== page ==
Modern world is full of sufferings and pain. Present diseases, very often incurable, make peopleâs life intolerable, steal the sense of life and give a strong inducement to die. Even the contemporary rapid development of medicine does not give the possibility to save peopleâs life or to relieve their pain.
In the light of this situation, the problem of euthanasia is of current importance. For the last twenty years, euthanasia has been a subject of much controversy. Doctors, scientists, politicians and representatives of different confessions discuss the possibility of legitimating euthanasia. Various countries take opposite sides and either allow euthanasia or prohibit it. âEuthanasia, however, occurs secretly in all societies including those in which it is held to be immoral and illegal. The core of the challenge of euthanasia is ethical because human life is in stakeâ (Vaknin, 2). The opponents claim the breach of the Godâs right to command the human life, the devaluation of peopleâs life and state that the legalization of euthanasia is, in fact, the legalization of a murder.
However, I would like to support euthanasia and, with the help of this paper, to argue in favor of it. Euthanasia is âa deliberate intervention undertaken with the express intention of ending a life so as to relieve intractable sufferingâ (House of Lords, 12). It is necessary to note that there are several types of euthanasia. Passive euthanasia is already widespread in hospitals and is nothing but the impossibility to cure a person and attempts to alleviate the sufferings with the help of narcotics or the cessation of therapy because of its futility. While passive euthanasia is legally used in hospitals, the application of non-aggressive euthanasia is constantly debated. It stipulates the withdrawal of life support and it can be done either voluntary, that is with the patientâs consent, or non-voluntary, when the patient is unable to decide.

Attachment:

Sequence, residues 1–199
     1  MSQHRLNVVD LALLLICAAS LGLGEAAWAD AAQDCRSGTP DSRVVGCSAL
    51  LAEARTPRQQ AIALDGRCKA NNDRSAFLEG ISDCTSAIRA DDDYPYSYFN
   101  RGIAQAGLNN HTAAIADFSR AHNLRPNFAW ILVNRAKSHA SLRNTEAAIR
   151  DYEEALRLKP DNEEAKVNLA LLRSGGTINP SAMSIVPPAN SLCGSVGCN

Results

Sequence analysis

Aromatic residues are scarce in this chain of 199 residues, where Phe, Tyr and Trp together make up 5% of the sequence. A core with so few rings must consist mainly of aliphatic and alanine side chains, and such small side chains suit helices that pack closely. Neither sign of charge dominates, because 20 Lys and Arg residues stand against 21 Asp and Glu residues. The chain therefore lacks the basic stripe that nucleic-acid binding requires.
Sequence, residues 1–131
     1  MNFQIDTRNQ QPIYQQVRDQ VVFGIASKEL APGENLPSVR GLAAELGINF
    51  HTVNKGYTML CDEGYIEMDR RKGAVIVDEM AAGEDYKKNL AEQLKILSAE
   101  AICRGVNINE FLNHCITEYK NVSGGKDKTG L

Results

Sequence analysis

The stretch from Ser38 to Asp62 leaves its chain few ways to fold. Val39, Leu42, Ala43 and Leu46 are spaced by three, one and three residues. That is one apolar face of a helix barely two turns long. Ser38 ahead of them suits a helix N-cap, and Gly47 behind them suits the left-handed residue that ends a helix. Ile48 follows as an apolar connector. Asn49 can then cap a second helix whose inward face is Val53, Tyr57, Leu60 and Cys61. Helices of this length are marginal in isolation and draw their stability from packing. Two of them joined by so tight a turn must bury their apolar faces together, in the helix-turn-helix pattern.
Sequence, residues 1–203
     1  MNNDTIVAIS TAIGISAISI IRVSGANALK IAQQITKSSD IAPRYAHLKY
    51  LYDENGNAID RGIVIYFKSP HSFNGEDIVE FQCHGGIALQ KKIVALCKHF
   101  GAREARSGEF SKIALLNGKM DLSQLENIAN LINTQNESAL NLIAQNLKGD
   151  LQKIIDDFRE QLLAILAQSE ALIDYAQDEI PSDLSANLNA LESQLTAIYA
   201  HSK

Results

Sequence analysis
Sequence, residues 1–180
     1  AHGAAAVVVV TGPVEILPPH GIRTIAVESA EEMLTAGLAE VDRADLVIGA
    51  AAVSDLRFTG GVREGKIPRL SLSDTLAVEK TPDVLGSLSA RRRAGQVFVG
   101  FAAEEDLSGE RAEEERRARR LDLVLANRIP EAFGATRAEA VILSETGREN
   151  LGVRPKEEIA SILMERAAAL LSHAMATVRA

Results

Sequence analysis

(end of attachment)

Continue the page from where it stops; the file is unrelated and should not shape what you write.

In the case when the euthanasia may be voluntary, I would like to highlight the human right to be in charge of their life. Sick bedridden people are already bereft of all rights; they feel a burden for their relatives. Humble and disabled, they want at least to leave this world peacefully and to die with dignity. Even criminals have a right for their last wish; frankly speaking, it is our duty to fulfill the last wish of sick patients. Besides, if the personâs will is rejected, he or she might try to commit the suicide. So, thus we incite them to a great sin and crime.